The Making of the Hudson River School

The Making of the Hudson River School


This exhibition originated from the frequently asked question “what is the Hudson River School?” We can begin with three basic facts.

First, the Hudson River School refers to American landscape painting created between 1825 and roughly 1875.

Second, the Hudson River School was not an actual school, but a group of artists who mainly lived and painted in the Hudson River valley of New York. They frequently knew one another, went on sketching trips together, and exhibited their paintings side by side at exhibitions and galleries.

Third, the name Hudson River School was not used by the artists themselves. The name came into general use in the 1870s, at a time when their style was losing popularity.

In addition to these three statements, this exhibition reveals that much more went into the making of the Hudson River School, such as the influence of European traditions and cultural movements, as well as America’s natural environment and commercial spirit. The Hudson River School also emerged alongside the new medium of photography, the new science of geology, and new technologies that transformed travel and inaugurated an industrial revolution. The Hudson River School ultimately helped shape an American identity.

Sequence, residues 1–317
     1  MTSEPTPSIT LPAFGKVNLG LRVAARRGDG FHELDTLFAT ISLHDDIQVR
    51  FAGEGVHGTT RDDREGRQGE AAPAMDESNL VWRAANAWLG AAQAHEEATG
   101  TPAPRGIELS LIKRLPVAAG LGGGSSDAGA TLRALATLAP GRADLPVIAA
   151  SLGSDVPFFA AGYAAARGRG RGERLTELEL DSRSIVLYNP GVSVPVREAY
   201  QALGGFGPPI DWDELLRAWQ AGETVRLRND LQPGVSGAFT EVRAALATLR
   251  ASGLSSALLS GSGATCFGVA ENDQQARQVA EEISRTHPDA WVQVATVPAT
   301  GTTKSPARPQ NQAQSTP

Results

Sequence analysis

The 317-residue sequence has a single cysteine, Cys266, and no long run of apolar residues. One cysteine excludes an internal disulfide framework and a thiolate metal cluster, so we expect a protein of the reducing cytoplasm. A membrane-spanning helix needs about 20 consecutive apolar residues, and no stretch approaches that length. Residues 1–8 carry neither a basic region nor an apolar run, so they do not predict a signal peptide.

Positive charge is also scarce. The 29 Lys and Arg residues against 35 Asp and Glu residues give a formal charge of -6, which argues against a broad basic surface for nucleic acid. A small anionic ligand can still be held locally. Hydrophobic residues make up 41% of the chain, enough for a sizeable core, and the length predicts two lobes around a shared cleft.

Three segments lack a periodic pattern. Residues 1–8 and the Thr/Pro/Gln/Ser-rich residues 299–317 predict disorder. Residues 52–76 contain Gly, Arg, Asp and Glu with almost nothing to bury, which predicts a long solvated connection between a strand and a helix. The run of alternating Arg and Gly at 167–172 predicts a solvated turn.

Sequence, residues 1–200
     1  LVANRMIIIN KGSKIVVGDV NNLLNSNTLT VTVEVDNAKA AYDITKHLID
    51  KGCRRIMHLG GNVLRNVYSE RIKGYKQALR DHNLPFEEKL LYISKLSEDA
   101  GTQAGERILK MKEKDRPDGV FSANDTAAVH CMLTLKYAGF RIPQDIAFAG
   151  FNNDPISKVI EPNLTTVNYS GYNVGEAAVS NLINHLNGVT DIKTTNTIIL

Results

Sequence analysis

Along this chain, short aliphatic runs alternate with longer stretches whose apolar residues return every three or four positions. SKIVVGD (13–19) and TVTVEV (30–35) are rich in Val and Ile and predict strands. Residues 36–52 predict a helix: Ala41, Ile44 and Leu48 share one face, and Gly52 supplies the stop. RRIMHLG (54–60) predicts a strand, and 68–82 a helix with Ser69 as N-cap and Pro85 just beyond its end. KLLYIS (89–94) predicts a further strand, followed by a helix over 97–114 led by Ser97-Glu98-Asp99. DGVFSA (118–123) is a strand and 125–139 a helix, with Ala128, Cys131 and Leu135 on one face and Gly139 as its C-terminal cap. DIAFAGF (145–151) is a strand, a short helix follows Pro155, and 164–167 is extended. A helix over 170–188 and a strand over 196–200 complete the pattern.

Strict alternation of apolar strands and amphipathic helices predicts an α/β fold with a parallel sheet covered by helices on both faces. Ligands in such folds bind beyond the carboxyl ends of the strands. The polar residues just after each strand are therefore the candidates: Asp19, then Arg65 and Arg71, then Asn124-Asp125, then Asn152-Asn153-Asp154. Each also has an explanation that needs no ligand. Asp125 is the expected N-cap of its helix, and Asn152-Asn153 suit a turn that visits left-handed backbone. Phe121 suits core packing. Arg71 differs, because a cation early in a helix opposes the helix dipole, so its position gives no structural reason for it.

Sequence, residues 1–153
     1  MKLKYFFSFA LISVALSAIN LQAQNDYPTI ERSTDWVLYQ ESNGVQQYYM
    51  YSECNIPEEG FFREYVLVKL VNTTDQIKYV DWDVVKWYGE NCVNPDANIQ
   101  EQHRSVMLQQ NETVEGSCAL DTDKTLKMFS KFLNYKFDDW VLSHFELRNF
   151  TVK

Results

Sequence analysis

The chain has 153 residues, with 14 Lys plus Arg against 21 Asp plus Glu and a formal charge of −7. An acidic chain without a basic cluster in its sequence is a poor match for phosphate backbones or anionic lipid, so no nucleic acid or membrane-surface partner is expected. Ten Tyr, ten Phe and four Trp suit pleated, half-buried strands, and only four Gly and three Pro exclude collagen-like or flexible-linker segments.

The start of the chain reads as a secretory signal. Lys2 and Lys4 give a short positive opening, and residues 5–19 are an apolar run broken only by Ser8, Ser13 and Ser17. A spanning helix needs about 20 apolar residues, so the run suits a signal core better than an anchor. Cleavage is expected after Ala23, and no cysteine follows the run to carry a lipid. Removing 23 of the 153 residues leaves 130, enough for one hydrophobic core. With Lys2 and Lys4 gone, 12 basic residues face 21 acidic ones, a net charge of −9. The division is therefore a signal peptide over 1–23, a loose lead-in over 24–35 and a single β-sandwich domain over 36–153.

This online exhibition has been supported by a grant from the Hudson River Valley National Heritage Area

Exhibition curated by W. Douglas McCombs

Digital images by Allison Munsell

Photography by Allison Munsell and Joseph Levy

Additional assistance from Tammis K. Groft, Tom Nelson, Elizabeth Reiss, Nicole Peterson, Aine Leader-Nagy, Erika Sanger, Barbara Collins, Sarah Clowe, Susan Hsu, Scott Stewart, Elizabeth Bechand, Joe Benassi, Janine Moon

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